20:17 GMT20 April 2021
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    Until now, the Danish government has flatly refused to take back children from the camps, primarily citing security reasons. Despite pressure from allies, Prime Minister Mette Frederiksen emphasised that she had no intention of helping their parents, who, according to her, "turned their backs on Denmark".

    In a surprising change of heart, Danish Prime Minister Mette Frederiksen has signalled the government's readiness to repatriate 19 children with links to Denmark from internment camps in northern Syria, TV2 reported.

    These children are currently in the Kurdish-controlled camps al-Hol and al-Roj, which both house former militants and supporters of Daesh*. The children are there because their Danish mothers travelled to the Middle East to join the terrorist cause.

    "There are children who have ended up in a very unfortunate situation due to their parents' very wrong choices. We've always said we wanted to help those children", Frederiksen said, following a meeting with fellow leaders of allied left-wing parties who act as sidekicks for her minority Social Democrat government.

    Until now, the government has refused to take the children from the camps, primarily citing security reasons. In January, Frederiksen said that "if helping the children means their parents are also helped to get to Denmark, then we can't make that choice".

    Nevertheless, the Danish intelligence service FE has warned that leaving them in Syria poses more of a potential security risk to Denmark than repatriating them. Numerous newspaper reports, including a recent one by Ekstra Bladet, indicated that the children are at perennial risk of radicalisation by Daesh activists.

    Furthermore, Fionnuala D. Ní Aoláin, the UN Special Rapporteur on the promotion and protection of human rights and fundamental freedom, slammed Denmark's refusal to repatriate the children from a humanitarian standpoint.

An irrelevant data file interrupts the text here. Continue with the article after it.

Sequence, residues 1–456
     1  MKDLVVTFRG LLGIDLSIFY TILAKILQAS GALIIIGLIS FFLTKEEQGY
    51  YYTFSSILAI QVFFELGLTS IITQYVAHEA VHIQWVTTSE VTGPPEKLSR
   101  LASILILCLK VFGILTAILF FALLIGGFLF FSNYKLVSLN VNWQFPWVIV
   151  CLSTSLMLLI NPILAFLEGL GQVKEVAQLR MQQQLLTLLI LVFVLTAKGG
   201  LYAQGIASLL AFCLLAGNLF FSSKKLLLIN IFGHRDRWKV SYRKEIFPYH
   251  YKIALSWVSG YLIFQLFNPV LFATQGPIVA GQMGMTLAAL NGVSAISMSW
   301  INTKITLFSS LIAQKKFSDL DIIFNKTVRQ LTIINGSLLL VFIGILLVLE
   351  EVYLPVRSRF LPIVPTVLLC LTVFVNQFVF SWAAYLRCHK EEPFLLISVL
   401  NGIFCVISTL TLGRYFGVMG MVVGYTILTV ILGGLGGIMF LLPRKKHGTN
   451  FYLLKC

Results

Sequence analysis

It remains to be clarified just exactly how the children would be repatriated, as well as the future of their mothers, who could face prosecution in Denmark if they returned to the country.

    Frederiksen emphasised that she only wants to help the children and has no intention of helping the mothers, who, she ventured, had "turned their backs on Denmark". Danish Foreign Minister and Frederiksen party colleague Jeppe Kofod has been facing mounting criticism from the opposition and allies alike over the lack of transparency on the matter.

    The government's support parties of the Red-Green Alliance, the Social Liberals and the Socialist Left, argue that the children should be brought to Denmark, even though it would imply that their mothers follow as well.

    The Danish Foreign Ministry recently released a count of the number of Danish nationals, including women and children, who are currently at the two camps.

    A total of 19 children aged between 0 and 14 years, who are either children of Danish citizens or former Danish citizens, or otherwise "connected to them", are known to be accommodated at the camps. However, their Danish citizenship is "not confirmed", according to the ministry. Nine of them were born in Denmark and ten in conflict zones.

    The six mothers of the children in question have all said they wish to return to Denmark. Three of the six have had their Danish citizenship withdrawn administratively, according to earlier reports.

    * Daesh (ISIS/ISIL/"Islamic State") is a terrorist organisation banned in Russia and others countries.


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